Meet the 10 vintage cameras that made your camera phone possible

Photography has come a long way to get to the point where we can take crystal clear photos with our mobile phones. But without these 10 cameras, we never would have made it to this point. Join the O2 Gurus as we take a look at the vintage cameras that led the way.

1. The first photographic image: Camera obscura

The story begins in Ancient Greece, with the principle of the camera obscura. It wasn’t until the 1500s that an actual device was developed, though – and it was more of a projector that was most often used by artists to paint and draw extremely accurate pictures. But in 1827, Joseph Nicephore Niepce used a camera obscura’s pinhole and aperture to create the first photographic image using a metal plate coated in bitumen. But it was hardly an efficient process – it required eight hours of exposure and the image disappeared quickly after it was formed. 

2. The first ‘camera’: Daguerreotype

The first true camera was the Daguerreotype, invented in 1839. It was quickly followed by the Calotype, which allowed negatives to be used to create multiple positive prints. The invention of emulsion plates in the 1850s reduced exposure times from fifteen minutes to just two or three seconds, but images had to be made instantly so photographers had to transport portable darkrooms.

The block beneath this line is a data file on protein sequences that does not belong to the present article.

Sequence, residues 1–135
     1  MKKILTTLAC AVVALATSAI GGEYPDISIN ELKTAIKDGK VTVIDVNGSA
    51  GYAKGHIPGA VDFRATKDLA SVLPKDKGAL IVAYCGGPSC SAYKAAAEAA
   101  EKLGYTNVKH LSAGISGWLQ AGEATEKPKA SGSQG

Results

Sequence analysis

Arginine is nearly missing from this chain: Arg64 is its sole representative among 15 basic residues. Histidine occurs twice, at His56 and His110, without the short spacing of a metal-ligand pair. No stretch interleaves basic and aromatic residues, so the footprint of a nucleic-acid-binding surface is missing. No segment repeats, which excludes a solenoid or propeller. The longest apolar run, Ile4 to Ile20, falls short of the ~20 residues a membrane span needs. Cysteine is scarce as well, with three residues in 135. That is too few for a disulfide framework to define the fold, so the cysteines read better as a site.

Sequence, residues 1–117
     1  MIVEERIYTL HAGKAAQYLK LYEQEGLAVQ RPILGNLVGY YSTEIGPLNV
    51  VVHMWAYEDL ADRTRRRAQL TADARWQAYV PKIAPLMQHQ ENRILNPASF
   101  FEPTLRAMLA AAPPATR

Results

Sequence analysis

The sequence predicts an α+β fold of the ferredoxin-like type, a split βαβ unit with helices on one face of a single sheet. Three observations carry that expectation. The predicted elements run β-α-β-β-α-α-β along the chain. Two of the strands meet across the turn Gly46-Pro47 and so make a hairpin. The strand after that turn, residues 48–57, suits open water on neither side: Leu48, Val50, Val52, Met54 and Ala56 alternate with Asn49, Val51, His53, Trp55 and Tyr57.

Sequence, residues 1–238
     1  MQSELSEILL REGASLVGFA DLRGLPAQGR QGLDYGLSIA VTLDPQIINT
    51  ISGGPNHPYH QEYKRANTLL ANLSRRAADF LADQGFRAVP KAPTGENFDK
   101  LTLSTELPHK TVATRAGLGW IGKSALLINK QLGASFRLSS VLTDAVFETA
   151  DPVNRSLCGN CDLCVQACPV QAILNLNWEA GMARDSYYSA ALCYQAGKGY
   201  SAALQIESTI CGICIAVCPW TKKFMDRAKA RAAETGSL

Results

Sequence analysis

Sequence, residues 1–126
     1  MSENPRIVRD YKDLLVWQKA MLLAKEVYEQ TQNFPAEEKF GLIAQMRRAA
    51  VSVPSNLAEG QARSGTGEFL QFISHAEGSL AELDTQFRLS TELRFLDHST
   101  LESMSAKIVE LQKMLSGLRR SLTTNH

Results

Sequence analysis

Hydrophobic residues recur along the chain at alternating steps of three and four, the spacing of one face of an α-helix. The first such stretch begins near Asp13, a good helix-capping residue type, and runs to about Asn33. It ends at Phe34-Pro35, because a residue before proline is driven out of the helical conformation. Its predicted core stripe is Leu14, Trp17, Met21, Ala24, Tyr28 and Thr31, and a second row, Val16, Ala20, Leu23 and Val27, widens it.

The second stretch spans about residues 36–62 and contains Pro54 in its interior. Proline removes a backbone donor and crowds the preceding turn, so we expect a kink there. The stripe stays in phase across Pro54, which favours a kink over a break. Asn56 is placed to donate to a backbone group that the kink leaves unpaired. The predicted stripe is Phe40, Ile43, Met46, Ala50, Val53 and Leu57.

3. The first affordable cameras: The Kodak and the Kodak Brownie


1888 saw the release of the Kodak, the first camera to employ a fixed focus lens and single shutter speed. It was reasonably well priced compared to what had gone before, but had to be returned to the factory to be reloaded once the roll had ended. The Kodak Brownie, introduced in 1900 priced at just $1, was an important step in making photography accessible for a mass audience.